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    Posted September 27, 2011 by
    Abuja, Nigeria
    This iReport is part of an assignment:
    Boot camp: Headline writing & story building

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               When I first moved to Abuja in 2001, I had difficulty adjusting to the city. Coming from Lagos where the constant activity of people inured you to constant honking, traffic congestion and the constant stream of a people with harried expressions on their faces, Abuja stuck me as odd and kind of surreal. Getting to my destination at the appointed time without being stuck in traffic took time getting used to, but eventually the iddylic settings of the city with its rocks and calm atmosphere eventually grew on me.


              Ten years later, the city is no longer the same. Now, long lines of cars on major highways leading to and within the city has made Abuja a former shadow of its self. Trash litters the sidewalks of some roads, and the mad dash of people reminds you of the ever vibrant Lagos, the present economic capital and former capital of Nigeria. Commercial bus drivers with their green buses with their white stripes operate by their own rules. They park by the street curbs and pick their passengers. Unkempt looking conducters yell loudly into the afternoon heat to attract propective passengers. Slowly, the city is beginning to take a new look, albeit an unattractive one, and the culprit for this unwelcome change is in the sea of faces you see each day at the close of the day's work.


            Once a small town, Abuja has grown to a city of seven million people, and everyday more people trudge to the city in large numbers. There are those who have fled cities in the North as a result of religious or political crises and there are those who have come to pick gold off the streets of the city, after all the city is home to some of the highest paid legislators in the world with senators earning as much as $1.7 million in salaries and allowances and house of representative members earning $1.45 million per annum, according to a Nigerian legal luminary Professor Itse Sagay in his research paper "the status and role of the legislature in a democratic society". Despite the apparent wealth of some of its residents and the posh settings of some highbrow area like Asokoro, Maitama, Life Camp, and some parts of Wuse, some people have no choice but to take up residence in surburbs or satellite towns outside the city where there is little or no infrastructure as the city continues to groan under the weight of a population boom. Houses are slapped around the landscape in a random manner. The commercial motorcyclists which were banned from the city proper take up spaces on narrow roads in these areas, competing with dangerous looking lorries and smaller cars. The atmosphere is chaotic, but the people seem to have no choice but to live under these conditions.


            On a visit to one of such places called Mpape, I saw how people lived or operated business in houses or sheds close to narrow roads, with their door steps only a few meters away from the ever busy roads. Markets thrived on fringes of these roads where people sold their wares on the ground or in short wooden tables. In these places, you could see the impact of unplanned population on existing structures. The roads are ridden with potholes and there is basically no sense of order.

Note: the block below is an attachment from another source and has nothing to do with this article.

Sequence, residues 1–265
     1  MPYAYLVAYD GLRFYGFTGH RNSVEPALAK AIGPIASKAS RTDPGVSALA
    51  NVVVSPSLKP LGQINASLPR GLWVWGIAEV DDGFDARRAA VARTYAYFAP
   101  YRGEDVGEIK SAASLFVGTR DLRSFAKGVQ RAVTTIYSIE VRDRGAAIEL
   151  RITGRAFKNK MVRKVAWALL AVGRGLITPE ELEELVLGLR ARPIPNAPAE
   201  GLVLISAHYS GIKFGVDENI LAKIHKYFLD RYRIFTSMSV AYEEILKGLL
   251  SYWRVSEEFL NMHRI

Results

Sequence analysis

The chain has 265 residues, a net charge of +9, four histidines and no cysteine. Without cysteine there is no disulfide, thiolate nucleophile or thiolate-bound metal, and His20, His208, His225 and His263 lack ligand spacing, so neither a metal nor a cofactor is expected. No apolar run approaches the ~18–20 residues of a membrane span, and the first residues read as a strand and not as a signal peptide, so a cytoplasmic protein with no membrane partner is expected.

One of the traders I spoke with, a woman who sold dried yam peels in a wide basin beside the road believed that the population growth had a positive impact on her business. In pidgin English, she expressed her desire to see the government do more for the people of the area who work hard and earn little pay. She didn't seem to think the population was a problem and gave an emphatic "yes" when I asked if the population helped her business.


              However, her enthusiasm was not shared by Kevin Ebole, a resident of Kubwa, a satellite town outside the city who I spoke with. He complained that the traffic congestion made commuting difficult. He said it was not easy moving fom his place to the city where he worked. He called for the government to provide basic infrastructure to support the population.


            During my interview with a member of the hosue of representatives, Hon Chris Etta of the Ikom/Boki Federal constituency, I discussed the issue of population growth and obtained his views on the subject. He said, "No nation should be afraid of population growth". He reminded me that there are several countries with bigger populations which is managed properly. In his opinion, population only becomes a problem in the absence of supporting infrastructure. I brought up the U.N report that Nigeria's population is likely to reach 700 million by 2100, and he re-iterated his position that Nigeria does not have a problem with population, and that agitation should be made for development, nothing more.


             In spite of the several perpectives on the population issue of Nigeria, it is indeed clear that if unchecked, Nigeria may well fulfill U.N's prediction of reaching 700 miillion by 2100. According to the UN world population prospects (2008 revised edition), the Nigerian population at 1950 was 36,680,000 and is projected at 254,000,000 (low variant) and 326 million (high variant) in 2050. The Nigerian government needs to do more than pay lip service to the population growth as it is clearly becoming a problem. I believe that a mass orientation of the masses on the need of smaller families will go a long way in helping the country. As we lose serene towns like Abuja to the demands of a growing population, it is my hope that the society does not crumble under the weight of urbanization without real development. The social and economic implications will be too much to bear.

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